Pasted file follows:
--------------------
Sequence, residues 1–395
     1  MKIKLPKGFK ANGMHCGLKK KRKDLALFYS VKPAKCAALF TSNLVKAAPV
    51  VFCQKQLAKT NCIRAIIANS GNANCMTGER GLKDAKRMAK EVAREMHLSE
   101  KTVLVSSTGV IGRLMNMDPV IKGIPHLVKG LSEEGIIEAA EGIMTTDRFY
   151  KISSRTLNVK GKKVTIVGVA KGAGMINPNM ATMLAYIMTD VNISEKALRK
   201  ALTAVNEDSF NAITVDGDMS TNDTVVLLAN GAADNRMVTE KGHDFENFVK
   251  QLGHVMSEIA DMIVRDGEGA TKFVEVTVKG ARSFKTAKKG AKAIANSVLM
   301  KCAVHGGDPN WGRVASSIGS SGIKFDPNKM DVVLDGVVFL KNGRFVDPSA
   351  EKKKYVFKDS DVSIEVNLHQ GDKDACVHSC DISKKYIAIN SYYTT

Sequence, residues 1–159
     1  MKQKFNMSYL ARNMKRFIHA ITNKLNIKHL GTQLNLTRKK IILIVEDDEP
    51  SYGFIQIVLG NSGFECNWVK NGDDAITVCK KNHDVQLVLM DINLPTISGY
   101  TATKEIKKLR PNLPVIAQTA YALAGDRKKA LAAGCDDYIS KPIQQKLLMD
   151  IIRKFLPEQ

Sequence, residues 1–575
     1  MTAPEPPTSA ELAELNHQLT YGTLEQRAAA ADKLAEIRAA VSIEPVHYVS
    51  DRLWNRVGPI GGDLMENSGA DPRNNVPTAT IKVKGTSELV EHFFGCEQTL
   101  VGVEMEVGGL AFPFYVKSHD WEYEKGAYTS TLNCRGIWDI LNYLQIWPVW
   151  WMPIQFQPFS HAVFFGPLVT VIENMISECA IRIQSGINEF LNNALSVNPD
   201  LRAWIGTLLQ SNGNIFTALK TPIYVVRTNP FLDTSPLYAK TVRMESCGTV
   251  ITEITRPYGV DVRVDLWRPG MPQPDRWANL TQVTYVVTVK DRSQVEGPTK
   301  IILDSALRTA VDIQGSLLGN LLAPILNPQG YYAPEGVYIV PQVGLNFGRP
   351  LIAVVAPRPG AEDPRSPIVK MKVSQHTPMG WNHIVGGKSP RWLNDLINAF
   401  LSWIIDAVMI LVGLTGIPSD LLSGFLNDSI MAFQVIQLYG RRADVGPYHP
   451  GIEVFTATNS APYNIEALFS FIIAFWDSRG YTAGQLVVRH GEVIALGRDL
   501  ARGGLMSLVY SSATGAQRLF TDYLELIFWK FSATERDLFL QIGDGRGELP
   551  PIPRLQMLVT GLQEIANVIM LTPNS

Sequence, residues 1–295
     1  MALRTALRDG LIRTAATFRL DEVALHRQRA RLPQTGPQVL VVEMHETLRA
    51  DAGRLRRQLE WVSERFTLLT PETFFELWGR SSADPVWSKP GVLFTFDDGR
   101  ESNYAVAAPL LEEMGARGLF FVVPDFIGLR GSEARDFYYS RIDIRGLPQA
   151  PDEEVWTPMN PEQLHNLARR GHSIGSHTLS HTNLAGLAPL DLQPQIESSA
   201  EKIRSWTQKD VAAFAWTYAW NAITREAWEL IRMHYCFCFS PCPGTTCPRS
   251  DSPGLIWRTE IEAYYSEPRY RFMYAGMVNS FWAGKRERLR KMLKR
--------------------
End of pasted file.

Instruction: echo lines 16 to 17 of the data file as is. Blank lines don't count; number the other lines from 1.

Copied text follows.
     1  MTAPEPPTSA ELAELNHQLT YGTLEQRAAA ADKLAEIRAA VSIEPVHYVS
    51  DRLWNRVGPI GGDLMENSGA DPRNNVPTAT IKVKGTSELV EHFFGCEQTL